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Play in the Wild! is committed to the practices of Being Nonviolence. We believe that eating, growing and supporting organic food is nonviolence to self because it nourishes our body’s health; nonviolence to our communities because it supports farmers to live well and contributes to the health of others; and nonviolence to all life because it cares for the well-being and future of people, land, rivers, and animals for generations to come. Because of this, all of the food we offer on our programs is organic, with rare exceptions – and much of it is grown on our Farm and Gardens at Wild! Heart Refuge. To understand how we came to this decision and to address some common misconceptions about organic food, we offer the following Frequently Asked Questions:
What’s the difference between organic and conventional food?
Conventional food uses synthetic or chemical herbicides, insecticides, fertilizers, irradiation,genetic modification, and hormones in the production of food. Organic food is produced without these chemicals, synthetic ingredients or bioengineering. Organic food is produced using practices that restore, maintain, and enhance ecological harmony that have been producing and supplying food for millions on the planet for thousands of years.
Isn’t organic some rich hippie thing?
Before the 20th century, ALL food was grown organically. The history of organic food/agriculture can be traced back literally thousands of years. The history of « conventional » food is less than one hundred years old. Organic farming is the original/traditional way to farm.
Why did people stop growing organically?
The belief was that using chemical treatments in producing crops and growing animals for consumption increased the amount of food a farm could produce, so more people could be fed. Also, new industrial and agricultural jobs were created to support this way of growing food.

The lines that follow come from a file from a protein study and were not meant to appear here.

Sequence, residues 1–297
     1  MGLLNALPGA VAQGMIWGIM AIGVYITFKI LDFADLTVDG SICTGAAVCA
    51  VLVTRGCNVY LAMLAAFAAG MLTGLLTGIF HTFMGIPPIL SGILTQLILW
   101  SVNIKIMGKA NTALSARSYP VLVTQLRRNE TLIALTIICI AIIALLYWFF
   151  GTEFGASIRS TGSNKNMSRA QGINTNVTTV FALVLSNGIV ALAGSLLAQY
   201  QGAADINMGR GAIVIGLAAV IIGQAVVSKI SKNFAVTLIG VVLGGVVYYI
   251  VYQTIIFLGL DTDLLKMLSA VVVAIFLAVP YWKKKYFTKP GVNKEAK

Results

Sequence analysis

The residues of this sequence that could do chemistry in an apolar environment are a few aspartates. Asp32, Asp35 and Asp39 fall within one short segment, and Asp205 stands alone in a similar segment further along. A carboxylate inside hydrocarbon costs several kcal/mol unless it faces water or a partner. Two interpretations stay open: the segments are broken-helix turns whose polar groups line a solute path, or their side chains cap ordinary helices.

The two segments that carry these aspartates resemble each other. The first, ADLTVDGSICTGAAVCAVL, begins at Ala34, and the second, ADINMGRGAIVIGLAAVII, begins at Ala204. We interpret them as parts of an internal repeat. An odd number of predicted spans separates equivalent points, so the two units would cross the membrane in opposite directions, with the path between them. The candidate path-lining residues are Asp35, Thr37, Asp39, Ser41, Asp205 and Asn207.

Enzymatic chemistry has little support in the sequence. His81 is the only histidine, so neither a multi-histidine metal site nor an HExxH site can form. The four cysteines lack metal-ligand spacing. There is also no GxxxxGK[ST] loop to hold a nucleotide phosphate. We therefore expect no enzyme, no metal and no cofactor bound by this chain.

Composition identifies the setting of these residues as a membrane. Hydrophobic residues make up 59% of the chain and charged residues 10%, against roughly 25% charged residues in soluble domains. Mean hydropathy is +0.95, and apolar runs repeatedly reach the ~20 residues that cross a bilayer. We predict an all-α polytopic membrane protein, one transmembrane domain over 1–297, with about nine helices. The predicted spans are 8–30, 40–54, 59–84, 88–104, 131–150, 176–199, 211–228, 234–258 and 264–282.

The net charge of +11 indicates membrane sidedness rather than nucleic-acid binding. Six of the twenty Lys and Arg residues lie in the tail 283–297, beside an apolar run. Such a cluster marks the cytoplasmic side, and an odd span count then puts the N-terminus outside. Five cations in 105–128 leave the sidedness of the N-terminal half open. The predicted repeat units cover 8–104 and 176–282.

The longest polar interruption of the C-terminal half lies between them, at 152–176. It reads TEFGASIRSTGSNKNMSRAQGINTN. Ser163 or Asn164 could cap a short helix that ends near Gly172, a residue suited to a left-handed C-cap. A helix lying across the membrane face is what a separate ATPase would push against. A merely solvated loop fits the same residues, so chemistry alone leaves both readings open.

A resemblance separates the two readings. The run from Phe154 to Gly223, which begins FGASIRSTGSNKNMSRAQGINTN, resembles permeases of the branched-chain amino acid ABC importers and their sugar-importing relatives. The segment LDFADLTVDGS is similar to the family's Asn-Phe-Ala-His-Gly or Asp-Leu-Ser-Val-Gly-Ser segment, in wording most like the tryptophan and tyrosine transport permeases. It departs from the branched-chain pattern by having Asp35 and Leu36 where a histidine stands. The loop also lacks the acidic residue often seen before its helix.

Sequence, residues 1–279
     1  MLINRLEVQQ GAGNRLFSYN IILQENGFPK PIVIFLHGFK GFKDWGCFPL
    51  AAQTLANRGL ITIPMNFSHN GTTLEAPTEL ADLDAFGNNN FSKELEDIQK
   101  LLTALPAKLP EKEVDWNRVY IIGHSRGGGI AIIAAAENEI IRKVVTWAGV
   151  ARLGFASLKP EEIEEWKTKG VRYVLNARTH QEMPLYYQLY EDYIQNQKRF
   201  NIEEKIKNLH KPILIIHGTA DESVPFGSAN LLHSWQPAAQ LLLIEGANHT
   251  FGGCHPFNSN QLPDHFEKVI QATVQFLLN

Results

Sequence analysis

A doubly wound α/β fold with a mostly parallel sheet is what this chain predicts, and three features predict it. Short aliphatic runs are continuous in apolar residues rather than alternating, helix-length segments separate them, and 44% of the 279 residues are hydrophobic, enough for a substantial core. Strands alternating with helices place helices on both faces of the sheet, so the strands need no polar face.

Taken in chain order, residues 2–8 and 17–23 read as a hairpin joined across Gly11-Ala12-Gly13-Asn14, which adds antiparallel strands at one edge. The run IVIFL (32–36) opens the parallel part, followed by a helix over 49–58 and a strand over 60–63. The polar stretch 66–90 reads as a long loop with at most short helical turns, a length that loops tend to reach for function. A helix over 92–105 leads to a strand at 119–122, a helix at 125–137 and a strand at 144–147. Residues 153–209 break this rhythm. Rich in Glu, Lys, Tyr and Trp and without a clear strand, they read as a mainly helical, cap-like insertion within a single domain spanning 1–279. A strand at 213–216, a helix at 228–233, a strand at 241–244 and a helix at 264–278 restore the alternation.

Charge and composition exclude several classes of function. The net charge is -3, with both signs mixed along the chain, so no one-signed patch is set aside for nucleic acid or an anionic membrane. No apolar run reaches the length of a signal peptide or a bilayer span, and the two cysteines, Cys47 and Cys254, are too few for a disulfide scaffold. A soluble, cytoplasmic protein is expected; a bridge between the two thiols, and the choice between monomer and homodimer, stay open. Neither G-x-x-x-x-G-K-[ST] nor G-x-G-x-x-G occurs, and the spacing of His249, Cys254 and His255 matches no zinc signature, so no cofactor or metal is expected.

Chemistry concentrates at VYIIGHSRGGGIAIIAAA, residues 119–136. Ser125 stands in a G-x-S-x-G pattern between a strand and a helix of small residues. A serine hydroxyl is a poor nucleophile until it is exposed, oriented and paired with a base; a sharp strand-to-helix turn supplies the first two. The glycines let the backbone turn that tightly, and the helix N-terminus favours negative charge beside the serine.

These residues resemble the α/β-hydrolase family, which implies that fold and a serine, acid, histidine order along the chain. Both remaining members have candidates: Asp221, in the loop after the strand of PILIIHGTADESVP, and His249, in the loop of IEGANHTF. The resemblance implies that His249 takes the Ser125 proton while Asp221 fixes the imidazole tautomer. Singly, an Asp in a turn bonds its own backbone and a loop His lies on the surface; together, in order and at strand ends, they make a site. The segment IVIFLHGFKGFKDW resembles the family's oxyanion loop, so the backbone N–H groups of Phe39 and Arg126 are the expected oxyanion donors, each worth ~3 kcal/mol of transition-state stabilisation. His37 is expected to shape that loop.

So, what’s so bad about conventional food?
In the early 1970s, some agricultural experts came to realize that chemicals used to produce conventional food were having a seriously negative effect on both the environment and on people’s health. Even as early as 1924, the British botanist Sir Albert Howard believed that traditional Indian farming practices, which he studied for 20 years in Pusa, Bengal, were superior to his conventional agriculture science. Today, rather than increasing the amount of food a farm can produce, many conventional farmers are finding that it now takes 5 to 10 times as much synthetic fertilizer as 20 years ago, just to get the same amount of crops, because the soil has deteriorated so much from the use of chemicals. Because of this, many experts fear a future global food shortage. Organic farming produces more food at less cost to the health of people and the planet, and ensures that we’ll have enough food for everyone long into the future.
Isn’t organic food really expensive?
Sometimes, but not always, organic food prices are higher at the supermarket. Buying organic directly from farmers is a cheaper way to go, plus you’ll know that all the money is actually going to the farmer, not to the supermarket or chemical companies. Also, grocery store prices do not include the hidden costs of that food. Unfortunately, organic farmers are now required to « certify » to prove they are organic which costs the farmer money and drives the cost of organic food up. One solution: grow your own organic food! It’s cheaper than buying it, and you’ll know exactly what’s in it. Conventional food is subsidized by university and industry research which hides the clean up costs necessary with pesticide pollution and contributes to substandard wages for farm laborers. Basically, conventional food is cheap if you ignore that your taxes are helping pay the chemical companies, your doctor bills are related to the chemical food you put in your body, the polluted rivers and land will have to be cleaned up at some point in the future, and the workers that helped grow your food may not have enough money to live on.
Find out more:
- Talk to organic farmers near you at your local farmers’ market (in the U.S., you can find them online at localharvest.org!).
- Search online for “organic food facts.”
- Read authors Alice Waters, Raj Patel, Michael Pollan, Eric Schlosser, and Vandana Shiva.
- Watch either “The Future of Food” or « Food, Inc.« , or check out Grocery Store Wars.